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The new national lockdown across England means people must stay at home unless for specific reasons, such as attending school or college, or going to the supermarket.
There has, however, been some confusion over the length of the lockdown, with Cabinet Office Minister Michael Gove saying the measure could be extended if coronavirus infection rates do not significantly fall.
The new national lockdown will run from November 5 until December 2.
The lockdown will then be eased on a regional basis according to the latest coronavirus case data at that time.
The minister said he believed the restrictions announced by Boris Johnson would bring down the R value, but warned it would be “foolish” to predict what would happen with the pandemic over the next four weeks and conceded the lockdown may have to be extended.
Asked during an interview on Sky News’ Sophy Ridge On Sunday whether the national lockdown could be extended, he replied: “Yes.”
Mr Gove said: “We want to be in a position where we can – and I believe that this is likely to be the case – have an approach where if we bring down the rate of infection sufficiently we can reduce measures nationally and also reduce measures regionally.
“Because the regional approach is one that, wherever possible, we want to take because again we recognise it may be the case in the future that having reduced R below 1, having reduced national restrictions, we may see a specific upsurge in specific areas which will require specific regional measures.”
Yes, but only for specific reasons such as education, if it is not provided online and work, if you cannot work from home (including if your job involves working in other people’s homes) as well as for exercise, which you can take as many times a day as you wish.
People can also leave for recreational purposes with their own household, or on their own with one person from another household (a “one plus one” rule).
Examples of recreation include meeting up with a friend in the park for a walk or to sit on a bench and eat a sandwich. People will not be allowed to meet in homes and gardens, and golf clubs will remain shut.
People can also leave home to shop for food and essentials, and to provide care for vulnerable people or as a volunteer.
Attending medical appointments is also allowed or to escape injury or harm (such as for people suffering domestic abuse).
Non-essential shops, leisure and entertainment venues will all be closed.
Non-essential retail includes clothing and electronics stores, car showrooms, travel agents, betting shops, auction houses, tailors, car washes, tobacco and vape shops.
Leisure includes bowling alleys, leisure centres and gyms, sports facilities including swimming pools, golf courses and driving ranges, dance studios, stables and riding centres, soft play facilities, climbing walls and climbing centres, archery and shooting ranges, water and theme parks.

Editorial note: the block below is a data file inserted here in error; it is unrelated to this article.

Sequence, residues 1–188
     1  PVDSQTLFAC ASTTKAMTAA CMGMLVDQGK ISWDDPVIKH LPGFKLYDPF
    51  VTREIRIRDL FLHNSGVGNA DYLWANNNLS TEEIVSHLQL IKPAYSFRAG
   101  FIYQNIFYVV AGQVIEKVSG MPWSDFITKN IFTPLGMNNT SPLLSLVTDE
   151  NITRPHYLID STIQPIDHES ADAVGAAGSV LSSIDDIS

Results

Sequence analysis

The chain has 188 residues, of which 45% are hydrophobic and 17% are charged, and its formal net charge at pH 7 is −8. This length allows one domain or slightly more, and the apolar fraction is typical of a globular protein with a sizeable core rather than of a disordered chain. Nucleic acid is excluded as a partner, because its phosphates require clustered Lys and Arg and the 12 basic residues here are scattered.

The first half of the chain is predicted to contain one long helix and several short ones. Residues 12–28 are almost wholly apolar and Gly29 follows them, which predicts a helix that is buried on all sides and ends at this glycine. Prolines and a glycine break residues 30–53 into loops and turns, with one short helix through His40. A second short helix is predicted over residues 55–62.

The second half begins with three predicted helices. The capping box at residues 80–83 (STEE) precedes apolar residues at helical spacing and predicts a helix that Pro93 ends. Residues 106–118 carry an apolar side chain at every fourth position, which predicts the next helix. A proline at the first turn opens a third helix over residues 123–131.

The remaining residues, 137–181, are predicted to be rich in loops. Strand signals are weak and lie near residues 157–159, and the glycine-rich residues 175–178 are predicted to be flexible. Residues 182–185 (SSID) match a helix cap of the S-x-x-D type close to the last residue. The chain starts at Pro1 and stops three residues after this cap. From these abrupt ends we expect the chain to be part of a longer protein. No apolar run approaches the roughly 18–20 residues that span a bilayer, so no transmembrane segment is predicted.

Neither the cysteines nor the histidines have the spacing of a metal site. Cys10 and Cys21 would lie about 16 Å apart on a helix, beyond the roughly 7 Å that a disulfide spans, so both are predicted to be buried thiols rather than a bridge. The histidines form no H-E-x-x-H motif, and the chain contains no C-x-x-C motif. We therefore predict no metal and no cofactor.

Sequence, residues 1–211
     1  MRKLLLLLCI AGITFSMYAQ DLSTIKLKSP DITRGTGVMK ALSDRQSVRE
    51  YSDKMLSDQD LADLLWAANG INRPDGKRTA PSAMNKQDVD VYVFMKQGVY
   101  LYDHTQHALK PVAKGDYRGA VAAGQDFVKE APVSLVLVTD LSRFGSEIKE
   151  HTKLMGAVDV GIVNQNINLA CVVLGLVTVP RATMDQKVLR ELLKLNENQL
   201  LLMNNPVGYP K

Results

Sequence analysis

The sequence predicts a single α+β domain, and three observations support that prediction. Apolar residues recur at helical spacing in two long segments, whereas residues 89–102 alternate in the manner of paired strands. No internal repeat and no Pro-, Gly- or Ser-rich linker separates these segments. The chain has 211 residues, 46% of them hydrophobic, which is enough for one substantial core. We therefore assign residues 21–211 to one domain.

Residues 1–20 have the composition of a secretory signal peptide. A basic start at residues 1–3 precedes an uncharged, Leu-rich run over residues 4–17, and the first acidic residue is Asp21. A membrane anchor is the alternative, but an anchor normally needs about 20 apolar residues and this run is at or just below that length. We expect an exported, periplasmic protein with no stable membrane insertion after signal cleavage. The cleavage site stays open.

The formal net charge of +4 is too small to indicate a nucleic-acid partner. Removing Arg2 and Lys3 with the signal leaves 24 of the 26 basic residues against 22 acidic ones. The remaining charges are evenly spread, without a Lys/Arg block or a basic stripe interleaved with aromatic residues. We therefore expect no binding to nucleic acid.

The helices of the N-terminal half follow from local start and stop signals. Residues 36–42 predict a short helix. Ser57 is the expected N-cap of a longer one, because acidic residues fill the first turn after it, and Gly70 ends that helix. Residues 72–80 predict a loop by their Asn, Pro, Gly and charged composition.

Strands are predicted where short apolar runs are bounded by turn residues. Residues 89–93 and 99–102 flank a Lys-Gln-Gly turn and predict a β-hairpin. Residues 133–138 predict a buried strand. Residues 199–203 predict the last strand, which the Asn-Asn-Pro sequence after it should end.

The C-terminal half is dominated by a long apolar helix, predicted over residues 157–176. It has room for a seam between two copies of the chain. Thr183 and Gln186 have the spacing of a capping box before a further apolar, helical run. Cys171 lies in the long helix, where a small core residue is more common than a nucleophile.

The NHS and medical services such as GPs, along with Jobcentre Plus sites and courts.
People over 60 and those who are clinically vulnerable are being told to be especially careful to follow the rules and minimise their contact with others.
Anyone who was formally notified that they should shield last time and not go out to work will be advised not to go out to work this time.
However, formal shielding as happened during the March and April lockdown – where people were told not to leave home for any reason – will not be brought in.
People classed as clinically extremely vulnerable are being advised to work from home. If that is not possible people may be eligible for may be eligible for Statutory Sick Pay or Employment Support Allowance.
More guidance will be published on Monday.
Yes, schools, colleges and universities will all remain open. Students should not return home during term time, but can return home for the Christmas holiday.
Childminders and nurseries will stay open and childcare bubbles, where for example a grandparent provides childcare while a parent works, will be able to continue.
Health minister Nadine Dorries has said children under school age who are with their parents will not count towards the limit on two people meeting outside.
After-school clubs and sports clubs will be suspended until December 2.
Playgrounds and parks will remain open.
No, you are advised not to travel unless for essential reasons.
People can travel for work and there are exemptions for overnights and second homes for work purposes.
Those who are already on holiday will be able to return to the UK.
Yes, furlough will be payable at 80% up to a maximum of £2,500 for the duration of the package of tougher national measures. The support will be available across the UK.
Business premises forced to close in England will also receive grants worth up to £3,000 per month under a Local Restrictions Support Grant.
A further £1.1 billion will be given to local authorities – distributed on the basis of £20 per head – for one-off payments to support businesses.
Yes. Homeowners will be able to take the option of mortgage payment holidays, which had been due to end on Saturday but have been extended.
Yes. Housing Secretary Robert Jenrick tweeted to say members of the public will still be able to move.
“Removal firms and estate agents can operate, construction sites can and should continue, tradespeople will be able to enter homes. But all must follow the Covid safety guidance,” he added.
Churches will remain open for private prayer.
Yes. Boris Johnson said games would continue despite the restrictions.
You must still observe the rules as they apply across England. Professor Chris Whitty said that many of the areas with lower case numbers have the highest rates of increase.
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